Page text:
Film adaptations of Nicholas Sparks’ novels are like the female equivalent to the testosterone-fueled carnage of the Transformers movies and their many clones. There’s a core group of young men that go to theaters solely to gorge on numbing special effects junk food—along the lines of Michael Bay’s deliriously pointless, noisily mechanized and blindingly fiery spectacles—and drool ferverishly at the Maxim centerfold eye-candy of Megan Fox or Rosie Huntington Whitely. Their wives or girlfriends, on the other hand, get their kicks from the three-hankie melodrama of Sparks’ mawkishly mishandled and jejune tearjerkers that, transplanted to the screen, are little more than sappy cardboard romances spiced up with their own brand of pinup-boy eye-candy, provided by teenybopper favorites like Channing Tatum and Liam Hemsworth.
In The Lucky One, former Disney Channel heartthrob Zach Efron tries to navigate the tricky leap into serious actor territory, but really just joins the former ranks of chiseled meathead lover-boys. As another syrupy Sparks adaptation, the movie’s look is as kitsch-painterly—with images of billowy red mists, sunsets over sparkly water bodies, and glorious rays peaking through Southern-sumptuous vegetation—as its story is bird-brained and bloodless. But The Lucky One, at the very least, has a premise worth jumping off from, even if its subsequent plot progression is more of a descent than ascent in quality.
Efron plays Logan, a Marine in Iraq who ventures away from his unit only momentarily to pick up a wallet-sized picture of an anonymous lovely blond lying amid the rubble of Baghdad. A mortar lands on the exact spot he previously stood, sending dumpsters full of dirt and a number of his fellow Jarheads sky-high. Logan is eventually discharged and sent home to Colorado, but he holds onto the picture, which he considers his good luck charm. With no real plan and a touch of Post Traumatic Stress Disorder, Logan decides to walk from Colorado to Louisiana in order to find this random beauty and thank her for saving his life.
Having once espoused his admiration for Leonardo DiCaprio’s smooth transition from fan-girl poster-child to Oscar favorite, Efron is clearly on the hunt for juicy dramatic parts that will help stake his claim as an actor of substance. More or less, he’s found one in Logan, a haunted but gentle warrior struggling with survivor’s guilt and a crippling lack of purpose. Beefed up and ruggedly unkempt, Efron plays him strong and silent, but where’s the heartbreak below the stony visage? He’s more of a hunky mannequin than a human being, and Efron, relying more on his hypnotic blue peepers than on protean emotional expressions, misses a chance to give the film’s central dreamboat a candidly colorful puissance.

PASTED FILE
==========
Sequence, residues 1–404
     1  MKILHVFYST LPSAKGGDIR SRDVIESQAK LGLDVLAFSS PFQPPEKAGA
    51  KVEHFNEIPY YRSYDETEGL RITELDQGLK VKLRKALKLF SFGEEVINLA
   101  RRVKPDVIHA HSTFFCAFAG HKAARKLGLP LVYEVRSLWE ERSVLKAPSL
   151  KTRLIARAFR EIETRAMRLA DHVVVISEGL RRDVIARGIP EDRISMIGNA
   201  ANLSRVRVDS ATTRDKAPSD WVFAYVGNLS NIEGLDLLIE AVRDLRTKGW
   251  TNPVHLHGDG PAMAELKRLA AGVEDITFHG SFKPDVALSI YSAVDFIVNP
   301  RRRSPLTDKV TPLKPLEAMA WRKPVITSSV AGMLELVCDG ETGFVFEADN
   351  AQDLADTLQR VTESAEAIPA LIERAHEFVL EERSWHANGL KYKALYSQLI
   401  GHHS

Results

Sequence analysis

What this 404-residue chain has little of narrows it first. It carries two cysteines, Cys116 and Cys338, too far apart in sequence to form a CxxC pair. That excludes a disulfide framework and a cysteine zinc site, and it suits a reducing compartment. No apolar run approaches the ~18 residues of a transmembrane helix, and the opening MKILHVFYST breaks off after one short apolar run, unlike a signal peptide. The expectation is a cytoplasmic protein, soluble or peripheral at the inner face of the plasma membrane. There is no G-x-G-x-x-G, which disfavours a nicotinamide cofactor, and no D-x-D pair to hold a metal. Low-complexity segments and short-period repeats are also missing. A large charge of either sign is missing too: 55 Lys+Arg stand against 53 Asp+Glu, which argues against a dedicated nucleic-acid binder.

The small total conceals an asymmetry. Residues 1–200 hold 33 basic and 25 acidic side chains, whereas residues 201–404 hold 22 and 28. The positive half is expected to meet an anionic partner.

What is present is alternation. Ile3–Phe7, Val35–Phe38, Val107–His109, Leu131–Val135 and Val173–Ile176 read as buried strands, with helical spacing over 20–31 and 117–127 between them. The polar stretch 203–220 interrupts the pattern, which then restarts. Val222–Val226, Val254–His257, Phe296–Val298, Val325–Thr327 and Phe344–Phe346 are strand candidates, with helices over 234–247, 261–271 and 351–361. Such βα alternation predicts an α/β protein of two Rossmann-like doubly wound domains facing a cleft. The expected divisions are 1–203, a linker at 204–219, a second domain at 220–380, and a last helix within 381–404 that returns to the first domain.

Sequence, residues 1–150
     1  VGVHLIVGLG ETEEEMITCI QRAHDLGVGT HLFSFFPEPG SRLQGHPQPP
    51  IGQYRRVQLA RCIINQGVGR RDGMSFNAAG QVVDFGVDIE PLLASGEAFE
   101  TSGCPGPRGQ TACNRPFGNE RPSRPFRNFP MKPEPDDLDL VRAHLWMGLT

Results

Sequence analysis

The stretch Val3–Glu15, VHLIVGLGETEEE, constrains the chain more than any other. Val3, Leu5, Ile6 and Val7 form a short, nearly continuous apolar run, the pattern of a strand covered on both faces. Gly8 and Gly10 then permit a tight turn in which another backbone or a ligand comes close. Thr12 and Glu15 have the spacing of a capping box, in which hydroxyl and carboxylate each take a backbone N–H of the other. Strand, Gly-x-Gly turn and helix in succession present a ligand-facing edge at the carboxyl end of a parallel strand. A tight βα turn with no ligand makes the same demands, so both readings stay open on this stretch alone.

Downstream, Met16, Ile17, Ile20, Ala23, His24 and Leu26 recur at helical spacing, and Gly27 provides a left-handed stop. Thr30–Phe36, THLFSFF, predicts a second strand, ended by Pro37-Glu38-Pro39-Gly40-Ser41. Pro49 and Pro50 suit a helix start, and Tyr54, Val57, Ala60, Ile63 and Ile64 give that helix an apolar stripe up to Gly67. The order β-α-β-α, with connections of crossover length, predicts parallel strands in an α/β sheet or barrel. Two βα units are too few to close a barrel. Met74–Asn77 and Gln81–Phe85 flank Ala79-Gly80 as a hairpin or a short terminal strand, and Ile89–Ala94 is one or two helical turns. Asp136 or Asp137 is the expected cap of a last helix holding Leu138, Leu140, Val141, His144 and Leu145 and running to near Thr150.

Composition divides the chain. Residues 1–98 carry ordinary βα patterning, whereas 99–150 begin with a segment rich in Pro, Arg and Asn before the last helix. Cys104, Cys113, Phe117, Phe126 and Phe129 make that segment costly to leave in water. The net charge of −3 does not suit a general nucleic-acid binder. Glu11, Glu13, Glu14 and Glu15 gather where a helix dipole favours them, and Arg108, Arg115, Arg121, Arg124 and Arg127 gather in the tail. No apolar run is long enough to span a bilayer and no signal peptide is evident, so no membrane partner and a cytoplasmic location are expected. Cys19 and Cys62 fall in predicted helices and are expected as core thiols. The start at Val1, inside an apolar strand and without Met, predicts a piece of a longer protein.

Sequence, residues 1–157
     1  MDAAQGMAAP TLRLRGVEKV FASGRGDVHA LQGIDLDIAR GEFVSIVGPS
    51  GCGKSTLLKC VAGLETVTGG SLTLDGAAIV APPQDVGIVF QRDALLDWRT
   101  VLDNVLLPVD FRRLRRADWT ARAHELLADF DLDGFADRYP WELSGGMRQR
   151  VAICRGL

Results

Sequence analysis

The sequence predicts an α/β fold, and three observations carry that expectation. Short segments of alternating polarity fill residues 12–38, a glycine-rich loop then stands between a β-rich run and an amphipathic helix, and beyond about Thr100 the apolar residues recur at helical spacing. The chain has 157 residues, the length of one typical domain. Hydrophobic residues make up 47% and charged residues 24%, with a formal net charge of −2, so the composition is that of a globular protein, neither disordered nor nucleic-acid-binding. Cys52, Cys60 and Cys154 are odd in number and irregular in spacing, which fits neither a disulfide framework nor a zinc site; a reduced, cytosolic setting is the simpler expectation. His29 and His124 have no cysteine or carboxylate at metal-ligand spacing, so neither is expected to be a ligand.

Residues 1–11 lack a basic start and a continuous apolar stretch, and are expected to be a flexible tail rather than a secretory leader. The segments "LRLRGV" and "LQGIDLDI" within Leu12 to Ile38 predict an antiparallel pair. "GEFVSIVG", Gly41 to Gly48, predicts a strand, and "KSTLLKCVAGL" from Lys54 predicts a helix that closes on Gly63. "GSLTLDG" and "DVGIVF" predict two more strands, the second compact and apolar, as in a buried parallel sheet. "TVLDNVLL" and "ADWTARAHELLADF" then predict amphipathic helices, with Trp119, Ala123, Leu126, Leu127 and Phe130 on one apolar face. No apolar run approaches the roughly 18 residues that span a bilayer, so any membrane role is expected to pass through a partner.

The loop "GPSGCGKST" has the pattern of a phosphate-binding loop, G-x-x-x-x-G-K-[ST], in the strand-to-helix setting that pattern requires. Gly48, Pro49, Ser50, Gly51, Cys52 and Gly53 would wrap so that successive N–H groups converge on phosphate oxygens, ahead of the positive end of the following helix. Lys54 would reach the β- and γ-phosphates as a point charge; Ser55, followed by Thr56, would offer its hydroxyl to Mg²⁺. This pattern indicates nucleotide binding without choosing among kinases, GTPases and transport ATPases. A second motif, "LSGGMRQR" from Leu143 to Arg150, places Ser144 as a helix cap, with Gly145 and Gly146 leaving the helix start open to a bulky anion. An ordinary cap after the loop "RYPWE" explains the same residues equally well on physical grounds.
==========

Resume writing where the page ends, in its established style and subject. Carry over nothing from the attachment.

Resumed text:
After a little light investigating, Logan tracks the girl to a kennel out in the Bayou. Deciding to keep his ulterior motive a secret, supposedly because it’s too hard for him to talk about, Logan gets a job there, cleaning up after the mangy mutts. His luminescent guardian angel, Beth, played by Taylor Schilling with a more variant spectrum of sneers and lustful glances, turns out to be the owner. At first, she treats Logan’s “drifter” with cold reticence, but then warms to him after seeing how good he looks while lifting heavy bags of dog food in a tight shirt. Logan’s motives are never entirely clear, but we can assume the attraction is mutual. The necessary hurdle blocking their serendipitous path to love is Beth’s jealous ex-husband, Keith, the local sheriff, a villain so clichéd and boorish he’s practically a cartoon.
The best character in the movie is Beth’s grandmother, Ellie, who’s played by Blythe Danner as a slightly amused box of wisdom. Overall, though, the movie languorously moves through its highly robotic motions, groping desperately for any shred of drama or romance. Working from a lackluster adaptation, director Scott Hicks can’t really rely on his young actors—especially Efron—to transcend the material, so there’s very little revelatory dialogue to be found, even of the sappiest variety. Hicks, instead, tries to tell the story the characters can’t through florid and autumnal pictorials of Schilling splashing in creeks or Efron walking soldierly along Southern dirt roads, all tuned to the romantic keys of inoffensive pop love-anthems. Mostly, The Lucky One is a series of lethargic musical montages and truncated dialogue scenes strung together by the dental floss of passionless romance and a dishonest portrait of returning veterans. Even for cinematic junk food, this is pretty indigestible.